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POP BEAT / Mike Boehm : Rock Band Contest Is a Good Idea, but the Format Is Open to Question

September 01, 1988|Mike Boehm

Even the best new idea requires some debugging before it can work smoothly. Such is the case with an upcoming competition for rock bands from the Orange County/Long Beach area organized by the Pacific News & Review, a fledgling local alternative weekly paper. The winner of the contest will be sent to Toronto later this month to perform at a new music festival for unheralded groups.

The contest is a welcome development for local bands and fans. The immediate benefit will be a first-rate night of music Sunday at Bogart's in Long Beach, where each of six finalists will play a 30-minute set, starting at 8:45. The acts, in order of appearance, will be Chain Gang, the Swamp Zombies, Metal MC, National Peoples Gang, Ann De Jarnett and Tender Fury.

The winner will be determined by a public vote (ballots will be available at Bogart's starting the day after the show, and in the Sept. 9 News & Review; Sept. 16 is the submission deadline). The prize is a three-day expenses-paid trip to the Molson Canadian International Festival of Independent Music, where the winner will get to play in a well-publicized club concert, attend seminars about the music industry, and develop industry contacts.

Locally, such a contest not only generates excitement and gives bands some extra exposure, it also provides a common focus for musicians and music fans who otherwise might tend to go about their separate interests without much regard for what the other guy is doing. It is a way of building a stronger musical community. An unimpeachable idea.

But contest organizers have made some questionable moves in carrying it out. Although there is no indication that impropriety was involved in the selection of the six finalists, the way in which they were chosen leaves the contest open to the appearance of unfairness.

News & Review publisher Randy Matin says he tried to "assemble all the people I knew who would be in the know about bands in Orange County" and have them select the finalists after listening to recordings by the 35 bands that entered the contest.

The people who did the voting are top-notch in terms of their musical taste and their knowledge of the local music scene. Besides Matin, they included David Swinson, Bogart's concert booker; Jim Washburn, former pop music critic for the Orange County Register; Sam Lanni, ex-owner of Safari Sam's nightclub; and Dave Hansen, vice president of Dr. Dream Records, the Orange-based independent record company.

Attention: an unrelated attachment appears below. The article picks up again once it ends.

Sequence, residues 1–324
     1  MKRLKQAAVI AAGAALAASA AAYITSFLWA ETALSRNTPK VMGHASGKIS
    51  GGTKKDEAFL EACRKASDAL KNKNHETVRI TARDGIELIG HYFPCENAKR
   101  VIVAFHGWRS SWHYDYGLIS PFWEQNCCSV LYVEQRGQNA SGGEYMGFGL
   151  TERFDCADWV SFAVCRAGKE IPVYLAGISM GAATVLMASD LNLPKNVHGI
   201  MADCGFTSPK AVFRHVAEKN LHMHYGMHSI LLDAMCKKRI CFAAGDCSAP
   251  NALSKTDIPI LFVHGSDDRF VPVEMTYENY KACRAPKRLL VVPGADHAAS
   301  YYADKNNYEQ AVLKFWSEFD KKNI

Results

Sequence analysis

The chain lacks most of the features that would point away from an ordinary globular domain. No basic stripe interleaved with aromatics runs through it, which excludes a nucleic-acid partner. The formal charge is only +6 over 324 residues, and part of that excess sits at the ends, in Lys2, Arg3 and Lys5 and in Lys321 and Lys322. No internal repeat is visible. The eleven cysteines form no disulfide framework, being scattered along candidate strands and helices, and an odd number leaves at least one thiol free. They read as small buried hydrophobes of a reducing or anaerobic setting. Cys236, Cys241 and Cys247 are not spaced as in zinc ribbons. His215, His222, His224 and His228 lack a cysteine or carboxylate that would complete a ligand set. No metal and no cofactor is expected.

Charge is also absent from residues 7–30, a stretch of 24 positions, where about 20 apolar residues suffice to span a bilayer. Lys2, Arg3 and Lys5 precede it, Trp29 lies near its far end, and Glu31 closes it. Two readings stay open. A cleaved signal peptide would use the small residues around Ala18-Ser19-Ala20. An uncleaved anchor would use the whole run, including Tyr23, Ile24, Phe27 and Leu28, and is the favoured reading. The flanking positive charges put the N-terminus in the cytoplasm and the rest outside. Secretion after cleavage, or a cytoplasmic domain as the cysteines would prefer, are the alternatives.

The problem is that half the bands in the finals--the Swamp Zombies, De Jarnett and National Peoples Gang--record for Dr. Dream. And Lanni is the manager of National Peoples Gang.

I'm not saying that Lanni and Hansen are not fair-minded, or that the bands they work with don't deserve to be in the finals. I have written favorably about all three groups, and I would have applauded a neutral panel of judges for picking any of them. But I can't applaud a selection process in which such obvious conflicts of interest are taken so lightly.

Matin said that once he decided to recruit a panel of experts immersed in the local music scene, such conflicts were bound to be "a given." But with a little more effort, he should have been able to find qualified judges with no special allegiances to (or, at the very least, no financial interest in) potential contestants.

Music journalists, disc jockeys and record store personnel are among the usual suspects when it comes to rounding up judges for band battles. (For the record, it is my policy not to serve as a judge in local contests. I would rather cover such events than have a role in influencing their outcome, and I don't think a reporter should do both.)

To further confuse a contest that already has left itself open to second-guessing, the so-called "finals showcase" on Sunday is something less than final.

Besides the six bands chosen to play at Bogart's, the ballot will include a space for write-in candidates. Debbie Rix, one of the producers of the Toronto festival, said she "would very much doubt that anyone would win who wasn't involved in the showcase. That's just the way those things work." Let's hope she's right.

This write-in system opens a crack in the door for a band that is great at electioneering but maybe not so great at music-making.

The contest organizers evidently did not stop to consider that Top 40 cover bands typically have more fans than the local groups slogging it out on the much tougher original music circuit, putting those cover bands in a better position to win an out-and-out popularity contest. (Any band that has released a recording since January, 1987, through an independent label or on its own, is eligible.)

Matin says he got involved in the contest after meeting Rix in Toronto last May at a convention for alternative weeklies. The time for running the competition was limited, he said, so decisions about how to run it had to be made quickly and with a lack of firm guidelines from Toronto.

Let's hope there is another contest next year. And let's hope its organizers run it according to logical, airtight guidelines.

The Finals Showcase of the International Festival of Independent Music contest takes place Sunday at Bogart's, 6288 E. Pacific Coast Highway, in the Marina Pacifica mall in Long Beach, starting at 8:30 p.m. Admission is $3. Information: (213) 594-8975.

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